Remote Code Execution Attack
A Remote Code Execution attack is a result of either server-side or client-side security weaknesses.
Vulnerable components may include libraries, remote directories on a server that haven’t been monitored, frameworks, and other software modules that run based on authenticated user access. Applications that use these components are always under attack through things like scripts, malware, and small command lines that extract information.
DDOS Attack – Distributed Denial Of Service Attack
DDoS, or Distributed Denial of Services, is where a server or a machine’s services are made unavailable to its users.
And when the system is offline, the hacker proceeds to either compromise the entire website or a specific function of a website to their advantage.
It’s kind of like having your car stolen when you need to get somewhere fast.
The usual agenda of a DDoS campaign is to temporarily interrupt or completely take down a successfully running system.
The most common example of a DDoS attack could be sending tons of URL requests to a website or a webpage in a very small amount of time. This causes bottlenecking on the server-side because the CPU just ran out of resources.
Denial-of-service attacks are considered violations of the Internet Architecture Board’s Internet proper use policy, and also violate the acceptable use policies of virtually all Internet service providers.
Injection Attacking occurs when there are flaws in your SQL Database, SQL libraries, or even the operating system itself. Employees open seemingly credible files with hidden commands, or “injections”, unknowingly.
In doing so, they’ve allowed hackers to gain unauthorized access to private data such as social security numbers, credit card number or other financial data.
Cross-Site Scripting Attack
Cross-Site Scripting, also known as an XSS attack, occurs when an application, URL “get request”, or file packet is sent to the web browser window and bypassing the validation process. Once an XSS script is triggered, it’s deceptive property makes users believe that the compromised page of a specific website is legitimate.
For example, if www.example.com/abcd.html has an XSS script in it, the user might see a popup window asking for their credit card info and other sensitive info.
Broken Authentication And Session Management Attack
If the user authentication system of your website is weak, hackers can take full advantage.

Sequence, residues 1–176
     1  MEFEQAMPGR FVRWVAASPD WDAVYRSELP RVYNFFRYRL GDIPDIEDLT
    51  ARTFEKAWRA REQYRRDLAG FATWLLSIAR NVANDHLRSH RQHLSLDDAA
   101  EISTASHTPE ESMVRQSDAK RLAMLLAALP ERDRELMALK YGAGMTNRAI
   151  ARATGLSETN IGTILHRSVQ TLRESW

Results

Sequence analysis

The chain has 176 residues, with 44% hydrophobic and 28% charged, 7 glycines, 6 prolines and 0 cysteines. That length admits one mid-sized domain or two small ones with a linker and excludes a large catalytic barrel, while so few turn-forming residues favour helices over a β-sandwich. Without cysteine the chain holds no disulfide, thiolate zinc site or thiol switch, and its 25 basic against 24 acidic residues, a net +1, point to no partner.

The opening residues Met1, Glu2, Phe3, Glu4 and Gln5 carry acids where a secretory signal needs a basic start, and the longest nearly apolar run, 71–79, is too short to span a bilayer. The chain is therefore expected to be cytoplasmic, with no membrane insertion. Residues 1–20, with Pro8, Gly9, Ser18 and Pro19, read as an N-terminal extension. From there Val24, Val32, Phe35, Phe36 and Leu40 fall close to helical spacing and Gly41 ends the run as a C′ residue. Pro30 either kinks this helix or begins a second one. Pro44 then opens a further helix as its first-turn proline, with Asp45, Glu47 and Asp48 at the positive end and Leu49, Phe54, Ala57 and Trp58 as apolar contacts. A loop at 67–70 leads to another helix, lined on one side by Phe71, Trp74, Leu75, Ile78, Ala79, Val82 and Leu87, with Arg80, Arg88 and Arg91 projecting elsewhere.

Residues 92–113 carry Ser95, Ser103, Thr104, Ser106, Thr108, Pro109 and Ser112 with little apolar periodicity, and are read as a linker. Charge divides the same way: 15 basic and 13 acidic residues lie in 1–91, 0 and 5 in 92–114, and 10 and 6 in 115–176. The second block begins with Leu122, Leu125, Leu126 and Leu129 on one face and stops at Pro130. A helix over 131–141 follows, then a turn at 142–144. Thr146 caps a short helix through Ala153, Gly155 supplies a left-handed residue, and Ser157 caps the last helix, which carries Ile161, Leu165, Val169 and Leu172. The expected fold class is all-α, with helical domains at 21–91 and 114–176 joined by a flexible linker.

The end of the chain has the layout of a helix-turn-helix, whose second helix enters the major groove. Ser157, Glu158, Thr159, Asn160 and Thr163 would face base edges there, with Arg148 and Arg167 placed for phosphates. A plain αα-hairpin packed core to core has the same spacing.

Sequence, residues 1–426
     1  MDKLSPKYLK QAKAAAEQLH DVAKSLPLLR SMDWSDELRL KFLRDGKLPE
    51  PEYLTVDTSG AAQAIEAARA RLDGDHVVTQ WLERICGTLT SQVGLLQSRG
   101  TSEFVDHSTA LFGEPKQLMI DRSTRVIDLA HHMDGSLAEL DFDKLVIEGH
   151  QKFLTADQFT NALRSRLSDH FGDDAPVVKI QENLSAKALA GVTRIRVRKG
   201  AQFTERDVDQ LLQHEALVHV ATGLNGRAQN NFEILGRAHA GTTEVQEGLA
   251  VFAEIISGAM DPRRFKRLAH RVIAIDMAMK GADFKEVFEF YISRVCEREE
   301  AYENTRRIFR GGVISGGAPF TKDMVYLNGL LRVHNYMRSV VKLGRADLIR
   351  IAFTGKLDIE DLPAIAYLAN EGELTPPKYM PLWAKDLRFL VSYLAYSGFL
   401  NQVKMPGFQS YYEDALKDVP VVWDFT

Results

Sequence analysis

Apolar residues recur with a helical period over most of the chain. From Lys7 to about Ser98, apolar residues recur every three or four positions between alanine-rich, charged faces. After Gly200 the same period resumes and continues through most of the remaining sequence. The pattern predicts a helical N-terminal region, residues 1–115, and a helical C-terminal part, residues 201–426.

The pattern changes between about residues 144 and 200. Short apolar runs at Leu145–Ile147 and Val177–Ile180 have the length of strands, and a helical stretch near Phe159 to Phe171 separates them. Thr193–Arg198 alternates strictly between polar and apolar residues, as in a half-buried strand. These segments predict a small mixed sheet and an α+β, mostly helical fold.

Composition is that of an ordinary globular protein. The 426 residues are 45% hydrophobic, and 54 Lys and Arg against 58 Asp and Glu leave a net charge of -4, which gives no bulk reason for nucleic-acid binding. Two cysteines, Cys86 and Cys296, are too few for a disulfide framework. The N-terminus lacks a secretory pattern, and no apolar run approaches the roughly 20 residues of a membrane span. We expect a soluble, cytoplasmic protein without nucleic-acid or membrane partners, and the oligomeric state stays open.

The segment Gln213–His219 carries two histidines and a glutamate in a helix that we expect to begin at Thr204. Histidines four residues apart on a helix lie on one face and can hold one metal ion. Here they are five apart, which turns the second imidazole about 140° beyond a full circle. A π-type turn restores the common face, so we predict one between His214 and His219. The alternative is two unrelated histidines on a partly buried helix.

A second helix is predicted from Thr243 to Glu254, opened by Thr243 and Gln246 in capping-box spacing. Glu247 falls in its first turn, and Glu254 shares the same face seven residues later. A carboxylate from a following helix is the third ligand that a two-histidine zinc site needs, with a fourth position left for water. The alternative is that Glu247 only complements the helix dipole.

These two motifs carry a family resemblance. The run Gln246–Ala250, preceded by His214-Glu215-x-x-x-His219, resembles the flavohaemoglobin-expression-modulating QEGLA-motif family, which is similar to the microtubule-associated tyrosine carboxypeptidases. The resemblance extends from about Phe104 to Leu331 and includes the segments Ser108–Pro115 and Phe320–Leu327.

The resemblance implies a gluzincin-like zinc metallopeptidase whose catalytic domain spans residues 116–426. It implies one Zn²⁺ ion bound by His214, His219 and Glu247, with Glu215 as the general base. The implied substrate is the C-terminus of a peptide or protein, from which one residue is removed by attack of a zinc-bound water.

Authentication systems involve passwords, key management, session IDs, and cookies that can allow a hacker to access your account from any computer (as long as they are valid).
If a hacker exploits the authentication and session management system, they can assume the user’s identity.
Ask yourself these questions to find out if your website is vulnerable to a broken authentication and session management attack:
- Are user credentials weak (e.g. stored using hashing or encryption)?
- Can credentials be guessed or overwritten through weak account management functions (e.g. account creation, change password, recover password, weak session IDs)?
- Are session IDs exposed in the URL (e.g. URL rewriting)?
- Are session IDs vulnerable to session fixation attacks?
- Do session IDs timeout and can users log out?
If you answered “yes” to any of these questions, your site could be vulnerable to a hacker.
Clickjacking, also called a UI Redress Attack, is when a hacker uses multiple opaque layers to trick a user into clicking the top layer without them knowing.
Thus the attacker is “hijacking” clicks that are not meant for the actual page, but for a page where the attacker wants you to be.
For example, using a carefully crafted combination of stylesheets, iframes, and text boxes, a user can be led to believe they are typing in the password for their bank account, but are typing into an invisible frame controlled by the attacker.
DNS Cache Poisoning Attack
DNS Cache Poisoning involves old cache data that you might think you no longer have on your computer but is “toxic”.
Also known as DNS Spoofing, hackers can identify vulnerabilities in a domain name system, which allows them to divert traffic from legit servers to a fake website and/or server.
This form of attack can spread and replicate itself from one DNS server to another DNS, “poisoning” everything in its path.
In fact, in 2010, a DNS poisoning attack completely compromised the Great Firewall of China (GFC) temporarily and censored certain content in the United States until the problem was fixed.
To secure your website by the expert, contact TheWebOrion.com